Can KiriMoto do 4th axis cutting of spirals

Can Kiri generate gcode to cut a spiral design out of stock in a rotary(A) axis from an STLspiral ?

This is a LinuxCNC based 4 axis system.

not yet. while it’s on my todo list, I don’t know when I’ll get to it

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Have you run across anything that’ll run on Linux which can?

One of my projects is a design in 2x2" wood so I can break it down to 4 indexed steps of the rotary but the spiral would be better not indexed.

I personally have not had need of a 4th axis … or this would have been completed sooner

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I hear you and concur but I know a guy who upgraded from a Shapeoko and spent >$15,000 on a 4(or 5) axis machine and with the training he got was how to use the 4th axis for making baseball bats and he’s been experimenting with it by making railing banisters and now table legs.
spiral2

I’m not much different in that when I find something interesting I’ll investigate it. It’s how I found Kiri:Moto. So now I’m wanting to see how I can make a small version of his table leg using the LinuxCNC/Remora controlled CNC and it’s 4th axis. There’s not lots of 4th axis work going on except in machine shops and even then lots of those are just using the 4th axis to index a side of the design and do typical 3 axis machining to the side.

I just recently found that FreeCAD’s CAM plugin( Path workbench ) has a 4th axis helix function which might be the thing I need to get the toolpaths. I don’t know if it will lead to any ideas resulting in more 4th axis work but it’s a challenge I’d like to try to both learn more about this, learn more about LinuxCNC, get more design work in FreeCAD and hopefully show how a complete opensource workflow can handle these complex tasks.

I got rolled eyes when I dumped Fusion360 for FreeCAD after they made changes to licensing and were pulling features. I also saw similar emotions when I mentioned wanting to get all my machines running the same firmware and trajectory planning software. Got a few, “don’t you like LIghtBurn?” questions showing they don’t understand what LinuxCNC/Remora does even after I told them I still used LIghtBurn for generating the GCode. BTW, I’ve not tried Kiri yet for the laser and have plans to do that. I had to setup LInuxCNC to use M67 command for the laser control because changing the spindle speed caused large slowdowns in Trajectory Planner performance because spindled don’t instantly reach speed and changing spindle speed every .1mm( 254 DPI ) killed scanning performance.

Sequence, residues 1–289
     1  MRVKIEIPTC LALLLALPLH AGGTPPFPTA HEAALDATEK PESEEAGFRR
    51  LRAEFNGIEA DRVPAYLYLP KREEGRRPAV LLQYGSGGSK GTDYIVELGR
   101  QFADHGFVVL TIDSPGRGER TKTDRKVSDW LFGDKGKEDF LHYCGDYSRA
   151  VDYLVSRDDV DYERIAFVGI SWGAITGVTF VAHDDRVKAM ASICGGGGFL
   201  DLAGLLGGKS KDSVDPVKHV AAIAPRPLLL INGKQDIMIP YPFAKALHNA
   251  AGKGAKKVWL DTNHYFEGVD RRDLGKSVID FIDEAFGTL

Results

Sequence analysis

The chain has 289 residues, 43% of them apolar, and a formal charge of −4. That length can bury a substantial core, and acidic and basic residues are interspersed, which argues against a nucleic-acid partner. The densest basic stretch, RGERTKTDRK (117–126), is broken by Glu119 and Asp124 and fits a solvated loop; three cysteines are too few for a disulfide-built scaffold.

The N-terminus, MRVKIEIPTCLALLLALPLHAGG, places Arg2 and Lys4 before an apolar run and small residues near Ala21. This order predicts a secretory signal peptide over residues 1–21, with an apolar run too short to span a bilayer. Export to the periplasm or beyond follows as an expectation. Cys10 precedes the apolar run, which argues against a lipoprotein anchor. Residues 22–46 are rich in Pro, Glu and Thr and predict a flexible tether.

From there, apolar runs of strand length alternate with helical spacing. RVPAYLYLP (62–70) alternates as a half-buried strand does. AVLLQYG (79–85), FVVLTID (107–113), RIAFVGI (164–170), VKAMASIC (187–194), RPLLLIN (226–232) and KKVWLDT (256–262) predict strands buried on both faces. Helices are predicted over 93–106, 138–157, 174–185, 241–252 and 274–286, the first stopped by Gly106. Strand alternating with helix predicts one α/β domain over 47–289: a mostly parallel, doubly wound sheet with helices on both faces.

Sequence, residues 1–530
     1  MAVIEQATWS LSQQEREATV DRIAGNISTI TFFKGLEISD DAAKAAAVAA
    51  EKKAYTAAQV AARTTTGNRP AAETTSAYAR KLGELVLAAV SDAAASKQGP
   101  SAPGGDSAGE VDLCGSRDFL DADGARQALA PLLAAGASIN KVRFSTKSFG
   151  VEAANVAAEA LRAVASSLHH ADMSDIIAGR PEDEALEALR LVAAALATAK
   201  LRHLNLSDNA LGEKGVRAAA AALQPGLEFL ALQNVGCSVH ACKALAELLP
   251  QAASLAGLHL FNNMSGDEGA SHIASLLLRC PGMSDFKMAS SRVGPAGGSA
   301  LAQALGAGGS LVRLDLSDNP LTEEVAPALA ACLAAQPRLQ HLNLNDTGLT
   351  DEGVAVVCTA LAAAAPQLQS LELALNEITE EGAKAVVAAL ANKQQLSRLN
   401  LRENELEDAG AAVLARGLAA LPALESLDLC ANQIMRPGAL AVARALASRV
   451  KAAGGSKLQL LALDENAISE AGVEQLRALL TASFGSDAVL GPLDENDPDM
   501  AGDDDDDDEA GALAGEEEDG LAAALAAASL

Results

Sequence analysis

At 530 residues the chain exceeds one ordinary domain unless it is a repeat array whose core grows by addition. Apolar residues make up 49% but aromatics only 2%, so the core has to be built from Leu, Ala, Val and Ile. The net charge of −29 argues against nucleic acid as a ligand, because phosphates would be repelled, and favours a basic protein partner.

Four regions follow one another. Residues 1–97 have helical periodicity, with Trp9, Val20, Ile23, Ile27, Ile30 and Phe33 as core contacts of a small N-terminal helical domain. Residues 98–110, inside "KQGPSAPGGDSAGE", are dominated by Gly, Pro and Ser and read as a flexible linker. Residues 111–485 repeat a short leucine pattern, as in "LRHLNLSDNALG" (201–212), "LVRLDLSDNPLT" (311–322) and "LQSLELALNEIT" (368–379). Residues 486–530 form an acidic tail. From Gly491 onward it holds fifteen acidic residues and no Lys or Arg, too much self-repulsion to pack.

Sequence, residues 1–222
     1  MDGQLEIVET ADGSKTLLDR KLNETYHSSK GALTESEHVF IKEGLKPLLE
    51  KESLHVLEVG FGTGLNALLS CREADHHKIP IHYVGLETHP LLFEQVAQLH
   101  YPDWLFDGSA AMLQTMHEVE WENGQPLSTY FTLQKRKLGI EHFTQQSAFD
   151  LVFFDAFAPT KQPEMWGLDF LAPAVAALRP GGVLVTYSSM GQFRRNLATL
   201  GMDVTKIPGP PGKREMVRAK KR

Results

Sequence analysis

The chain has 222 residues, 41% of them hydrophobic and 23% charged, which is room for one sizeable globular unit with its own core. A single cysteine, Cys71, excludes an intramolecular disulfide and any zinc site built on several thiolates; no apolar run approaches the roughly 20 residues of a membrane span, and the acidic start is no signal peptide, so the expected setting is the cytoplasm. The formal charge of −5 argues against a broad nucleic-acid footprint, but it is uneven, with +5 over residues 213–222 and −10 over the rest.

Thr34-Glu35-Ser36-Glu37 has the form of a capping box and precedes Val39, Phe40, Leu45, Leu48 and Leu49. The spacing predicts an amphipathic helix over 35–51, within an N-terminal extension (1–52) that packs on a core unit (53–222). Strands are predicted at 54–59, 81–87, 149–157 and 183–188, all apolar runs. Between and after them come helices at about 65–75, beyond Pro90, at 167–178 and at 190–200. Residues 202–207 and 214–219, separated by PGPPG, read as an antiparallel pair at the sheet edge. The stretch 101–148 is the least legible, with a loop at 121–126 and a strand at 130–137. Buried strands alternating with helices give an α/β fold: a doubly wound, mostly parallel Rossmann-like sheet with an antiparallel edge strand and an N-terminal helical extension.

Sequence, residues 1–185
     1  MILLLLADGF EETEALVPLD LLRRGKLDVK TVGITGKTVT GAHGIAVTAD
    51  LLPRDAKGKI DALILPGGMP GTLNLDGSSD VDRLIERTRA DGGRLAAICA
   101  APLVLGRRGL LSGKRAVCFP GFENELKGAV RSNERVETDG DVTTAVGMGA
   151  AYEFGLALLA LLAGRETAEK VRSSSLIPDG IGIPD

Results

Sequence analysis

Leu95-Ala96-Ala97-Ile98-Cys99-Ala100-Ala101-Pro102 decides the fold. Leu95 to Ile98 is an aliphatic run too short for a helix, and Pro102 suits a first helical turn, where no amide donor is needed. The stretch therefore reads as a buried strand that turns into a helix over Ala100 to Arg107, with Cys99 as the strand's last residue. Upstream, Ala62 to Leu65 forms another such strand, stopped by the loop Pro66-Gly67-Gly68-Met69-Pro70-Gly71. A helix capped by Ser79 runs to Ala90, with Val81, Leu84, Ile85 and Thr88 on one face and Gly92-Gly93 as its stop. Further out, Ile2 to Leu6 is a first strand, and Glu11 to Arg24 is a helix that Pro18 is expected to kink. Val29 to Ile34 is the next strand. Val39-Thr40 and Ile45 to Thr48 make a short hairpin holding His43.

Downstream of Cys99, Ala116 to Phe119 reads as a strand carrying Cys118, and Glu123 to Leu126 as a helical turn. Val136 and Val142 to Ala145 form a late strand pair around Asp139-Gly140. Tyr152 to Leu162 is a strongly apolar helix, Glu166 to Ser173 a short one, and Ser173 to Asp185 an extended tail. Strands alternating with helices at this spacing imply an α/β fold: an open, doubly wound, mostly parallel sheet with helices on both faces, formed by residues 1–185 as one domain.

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that’s pretty inspiring. I already know how I plan to implement 4th axis controls. I think it’ll be relatively easy to use. just a matter of time.

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Your approach to improvements to Kiri has worked well and improving the ‘normal’ stuff makes way more sense then the oddball stuff. That is until you find yourself interested and/or it scratches and itch which will also gain users because of it. I don’t think 4th axis stuff is that unless you’re doing something like you did with the bump maps, which is a very cool feature since it allows great 3D like results from grayscale graphics.

Being able to carve 3D scanned bust, or other 3D model, into a piece of round or square stock would be pretty cool. Just not what anyone is doing now.

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In particular, Brad Collette @sliptonic, who maintains the Path workbench, has recently started working on 4- and 5-axis features in the Path workbench, but he’s starting with what you describe:

He writes:

Our first goals will be to support 3+2 milling. This will be an improved implementation of the early experiments. The additional axes are used to rotate the part to a fixed location so traditional operations like drilling and pocketing can be performed. Whatever we build here will also set the stage for eventual ‘continuous 5 axis’ where the tool-paths are calculated that include the rotary axes.

I like and use FreeCAD as well, but also I ended up discovering Kiri:Moto because it did a really nice job of handling a complex part that I couldn’t figure out how to make FreeCAD handle in the time I had available. Thanks @stewart :tada:

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Thanks Michael that’s great news. Making it easy to do indexed 4th axis rotations all within one toolpath would be a great start. From what I’ve seen on other forums, machinists generate routines to rotate and then either repeat the toolpath on the new surface or call up another toolpath. Just as Kiri knows about the 3D model, FreeCAD has intimate understanding of the 3D model so generating a single toolpath to carve a 2+ sided design would really simplify what the operator needs to do.

Thrilled to hear this is an active goal. Thx